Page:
Knights in shining armor were the worst idea in military history

To determine how much energy knights in the Middle Ages burnt merely strolling around, British researchers recruited volunteers to dress up in mock-ups of real knightly armor and — in a hilarious twist — gallivant on treadmills. Sure enough, the study found that shielding the entire body was a heavy proposition. Watch the volunteers get medieval on sedentary lifestyles.

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Donning these replica suits — which were modeled on the armor of a 15th century London sheriff named William Martyn — forced the volunteers to expend approximately twice the amount of energy when engaging in cardiovascular activity.

After physiologist Graham Askew of the University of Leeds monitored the mail-bedecked volunteers trudging and jogging on treadmills, the researchers discovered that wearing the armor resulted in volunteers using 1.9 times more energy while running and 2.3 times more while walking.

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Despite the protection and surprising mobility afforded by the armor — the volunteers could do cartwheels while wearing it — the distribution of plated weight across the volunteers' arms, feet, and legs caused them to burn energy at a greater rate than someone carrying the same amount of weight solely on their back. Additionally, the chest plate restricted the running volunteers' torsos, which limited the volume of the volunteers' oxygen intake.

Professor Askew knows that not all armors are built the same and would like to conduct similar tests with other kinds of historical body armor. Sadly, Askew has already nixed a similar test using an armored warhorse running on a treadmill, as the potential for this experiment to devolve into a Yakety Sax-scored chase scene is too great.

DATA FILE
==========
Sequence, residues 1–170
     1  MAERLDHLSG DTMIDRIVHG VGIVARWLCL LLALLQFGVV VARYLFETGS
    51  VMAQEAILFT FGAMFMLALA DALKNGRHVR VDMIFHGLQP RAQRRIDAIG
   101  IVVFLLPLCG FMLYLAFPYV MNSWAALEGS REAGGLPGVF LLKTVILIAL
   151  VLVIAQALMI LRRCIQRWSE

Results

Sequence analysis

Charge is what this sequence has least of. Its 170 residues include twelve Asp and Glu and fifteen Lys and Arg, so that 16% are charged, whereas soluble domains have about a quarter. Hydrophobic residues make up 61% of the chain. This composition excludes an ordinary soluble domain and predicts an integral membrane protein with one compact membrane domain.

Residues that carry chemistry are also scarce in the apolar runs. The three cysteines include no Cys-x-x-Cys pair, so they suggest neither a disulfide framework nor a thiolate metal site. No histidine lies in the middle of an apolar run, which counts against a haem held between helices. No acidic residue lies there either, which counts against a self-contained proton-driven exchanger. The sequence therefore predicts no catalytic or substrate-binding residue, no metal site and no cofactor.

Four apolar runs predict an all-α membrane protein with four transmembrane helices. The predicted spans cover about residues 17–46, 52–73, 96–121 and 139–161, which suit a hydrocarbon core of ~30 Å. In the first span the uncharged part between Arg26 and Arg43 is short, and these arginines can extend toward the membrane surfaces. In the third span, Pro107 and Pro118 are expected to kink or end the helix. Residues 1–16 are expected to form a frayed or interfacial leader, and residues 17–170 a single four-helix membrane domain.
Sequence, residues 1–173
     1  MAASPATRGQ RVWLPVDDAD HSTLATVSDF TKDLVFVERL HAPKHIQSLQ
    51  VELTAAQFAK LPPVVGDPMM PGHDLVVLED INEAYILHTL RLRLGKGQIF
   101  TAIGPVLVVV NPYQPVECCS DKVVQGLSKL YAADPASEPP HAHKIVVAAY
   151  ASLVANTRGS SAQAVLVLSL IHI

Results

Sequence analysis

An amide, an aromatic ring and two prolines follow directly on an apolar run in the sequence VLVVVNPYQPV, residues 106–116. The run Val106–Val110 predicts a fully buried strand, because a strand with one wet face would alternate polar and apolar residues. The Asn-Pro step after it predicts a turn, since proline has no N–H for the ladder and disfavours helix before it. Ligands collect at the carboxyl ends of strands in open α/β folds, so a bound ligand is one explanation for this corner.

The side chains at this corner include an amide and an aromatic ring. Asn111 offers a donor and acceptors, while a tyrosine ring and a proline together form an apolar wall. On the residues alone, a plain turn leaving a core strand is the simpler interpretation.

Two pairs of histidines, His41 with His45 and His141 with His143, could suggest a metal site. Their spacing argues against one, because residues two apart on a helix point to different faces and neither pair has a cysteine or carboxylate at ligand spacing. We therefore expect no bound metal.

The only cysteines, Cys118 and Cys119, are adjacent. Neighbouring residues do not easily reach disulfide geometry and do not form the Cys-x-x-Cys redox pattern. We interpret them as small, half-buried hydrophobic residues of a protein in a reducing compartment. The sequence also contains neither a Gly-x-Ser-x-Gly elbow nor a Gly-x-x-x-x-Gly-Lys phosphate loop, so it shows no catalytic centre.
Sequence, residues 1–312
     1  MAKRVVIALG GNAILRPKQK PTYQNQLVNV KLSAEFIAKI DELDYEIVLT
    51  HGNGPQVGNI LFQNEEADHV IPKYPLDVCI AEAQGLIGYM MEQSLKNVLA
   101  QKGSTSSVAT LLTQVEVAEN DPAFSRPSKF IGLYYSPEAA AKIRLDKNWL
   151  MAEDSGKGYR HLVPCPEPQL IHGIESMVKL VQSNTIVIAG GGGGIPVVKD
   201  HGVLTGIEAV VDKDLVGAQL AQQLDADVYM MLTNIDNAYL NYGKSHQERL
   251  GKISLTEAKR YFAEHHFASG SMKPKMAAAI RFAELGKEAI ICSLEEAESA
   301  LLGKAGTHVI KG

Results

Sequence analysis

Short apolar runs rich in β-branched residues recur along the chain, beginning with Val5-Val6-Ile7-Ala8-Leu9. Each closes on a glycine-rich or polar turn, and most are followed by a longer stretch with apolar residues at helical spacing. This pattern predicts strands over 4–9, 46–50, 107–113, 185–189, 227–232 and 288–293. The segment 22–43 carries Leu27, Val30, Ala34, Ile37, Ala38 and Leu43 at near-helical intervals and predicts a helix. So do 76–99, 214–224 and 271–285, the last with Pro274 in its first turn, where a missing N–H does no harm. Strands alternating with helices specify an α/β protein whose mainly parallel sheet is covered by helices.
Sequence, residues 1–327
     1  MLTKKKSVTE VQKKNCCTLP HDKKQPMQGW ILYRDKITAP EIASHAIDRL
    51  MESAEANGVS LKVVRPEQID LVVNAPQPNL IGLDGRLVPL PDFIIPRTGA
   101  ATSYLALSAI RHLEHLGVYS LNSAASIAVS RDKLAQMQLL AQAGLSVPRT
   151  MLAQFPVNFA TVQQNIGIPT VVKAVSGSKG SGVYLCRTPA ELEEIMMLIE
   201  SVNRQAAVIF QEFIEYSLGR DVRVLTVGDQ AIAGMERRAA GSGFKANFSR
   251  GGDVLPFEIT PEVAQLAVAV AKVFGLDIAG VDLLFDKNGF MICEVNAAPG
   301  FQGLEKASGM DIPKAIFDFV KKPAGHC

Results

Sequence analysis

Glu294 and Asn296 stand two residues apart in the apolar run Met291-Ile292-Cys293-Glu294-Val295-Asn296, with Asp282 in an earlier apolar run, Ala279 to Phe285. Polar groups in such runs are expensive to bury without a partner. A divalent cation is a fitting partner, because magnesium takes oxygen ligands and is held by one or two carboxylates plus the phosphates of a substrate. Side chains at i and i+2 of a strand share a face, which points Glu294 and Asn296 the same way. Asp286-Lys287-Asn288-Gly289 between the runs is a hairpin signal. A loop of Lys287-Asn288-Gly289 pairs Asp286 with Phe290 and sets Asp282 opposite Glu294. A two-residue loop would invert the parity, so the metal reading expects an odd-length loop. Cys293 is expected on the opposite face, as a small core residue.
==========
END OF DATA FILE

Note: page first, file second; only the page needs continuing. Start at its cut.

We'd also like to point out that the University of Leeds' team did not factor in any possible +1 speed buffs cast by friendly warlocks, the physiological affects of the Tincture of Heartiness, or the outside chance that Sheriff Martyn was the proprietor of the fabled Loafers of Alacrity.

[Proceedings of the Royal Society B (article locked) via Science. Photo and video via Graham Askew of the University of Leeds.]

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DISCUSSION

Corpore Metal

This is not merely science, this will answer some historical and anthropological questions too. For example, now we can better guess what knights in full kit would have been capable of at battles. Much of this information wasn't written down by contemporaries at the time and historians are often forced to guess or, in this case, actually go and try it learn how it was done and thus better judge the primary sources we are given.

Watching this, it's pretty clear why most of the armed solders in ancient and medieval Africa, the Zulus for example, fought only with giant shields, swords or spears—maybe very rarely light chest plates and shin guards. It was just too damn hot for anything else. You'd die of heat stroke or dehydration before the enemy even had a chance to cut you to ribbons after the first charge.

The heavy armors of Eurasia (Knights, samurai, janissaries, etc.) really could only pull this off in the weather of colder climes.